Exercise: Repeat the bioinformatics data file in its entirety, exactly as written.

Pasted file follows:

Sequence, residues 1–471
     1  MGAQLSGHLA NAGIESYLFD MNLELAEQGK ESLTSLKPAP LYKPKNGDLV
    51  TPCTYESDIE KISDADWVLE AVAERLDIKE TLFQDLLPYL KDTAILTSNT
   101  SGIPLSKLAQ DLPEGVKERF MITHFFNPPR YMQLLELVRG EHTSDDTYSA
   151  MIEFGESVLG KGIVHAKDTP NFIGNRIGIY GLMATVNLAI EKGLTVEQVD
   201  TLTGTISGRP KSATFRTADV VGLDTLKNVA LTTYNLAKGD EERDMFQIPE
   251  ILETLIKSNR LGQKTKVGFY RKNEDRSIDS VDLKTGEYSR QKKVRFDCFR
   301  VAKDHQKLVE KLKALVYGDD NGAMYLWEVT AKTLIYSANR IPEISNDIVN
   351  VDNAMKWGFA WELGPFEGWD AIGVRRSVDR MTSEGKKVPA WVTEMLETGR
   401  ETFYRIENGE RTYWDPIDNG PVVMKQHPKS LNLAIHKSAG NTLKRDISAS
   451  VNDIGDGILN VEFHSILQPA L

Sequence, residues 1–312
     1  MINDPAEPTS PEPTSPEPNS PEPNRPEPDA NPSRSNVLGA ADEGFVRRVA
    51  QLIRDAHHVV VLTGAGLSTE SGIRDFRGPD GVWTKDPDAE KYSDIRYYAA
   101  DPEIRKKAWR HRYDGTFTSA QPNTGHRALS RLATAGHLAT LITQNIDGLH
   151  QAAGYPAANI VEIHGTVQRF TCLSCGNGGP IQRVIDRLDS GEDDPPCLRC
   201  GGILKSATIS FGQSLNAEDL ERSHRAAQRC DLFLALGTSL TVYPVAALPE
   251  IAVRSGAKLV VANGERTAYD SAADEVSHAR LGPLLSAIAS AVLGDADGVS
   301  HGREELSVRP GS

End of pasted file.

Sequence, residues 1–471
     1  MGAQLSGHLA NAGIESYLFD MNLELAEQGK ESLTSLKPAP LYKPKNGDLV
    51  TPCTYESDIE KISDADWVLE AVAERLDIKE TLFQDLLPYL KDTAILTSNT
   101  SGIPLSKLAQ DLPEGVKERF MITHFFNPPR YMQLLELVRG EHTSDDTYSA
   151  MIEFGESVLG KGIVHAKDTP NFIGNRIGIY GLMATVNLAI EKGLTVEQVD
   201  TLTGTISGRP KSATFRTADV VGLDTLKNVA LTTYNLAKGD EERDMFQIPE
   251  ILETLIKSNR LGQKTKVGFY RKNEDRSIDS VDLKTGEYSR QKKVRFDCFR
   301  VAKDHQKLVE KLKALVYGDD NGAMYLWEVT AKTLIYSANR IPEISNDIVN
   351  VDNAMKWGFA WELGPFEGWD AIGVRRSVDR MTSEGKKVPA WVTEMLETGR
   401  ETFYRIENGE RTYWDPIDNG PVVMKQHPKS LNLAIHKSAG NTLKRDISAS
   451  VNDIGDGILN VEFHSILQPA L

Sequence, residues 1–312
     1  MINDPAEPTS PEPTSPEPNS PEPNRPEPDA NPSRSNVLGA ADEGFVRRVA
    51  QLIRDAHHVV VLTGAGLSTE SGIRDFRGPD GVWTKDPDAE KYSDIRYYAA
   101  DPEIRKKAWR HRYDGTFTSA QPNTGHRALS RLATAGHLAT LITQNIDGLH
   151  QAAGYPAANI VEIHGTVQRF TCLSCGNGGP IQRVIDRLDS GEDDPPCLRC
   201  GGILKSATIS FGQSLNAEDL ERSHRAAQRC DLFLALGTSL TVYPVAALPE
   251  IAVRSGAKLV VANGERTAYD SAADEVSHAR LGPLLSAIAS AVLGDADGVS
   301  HGREELSVRP GS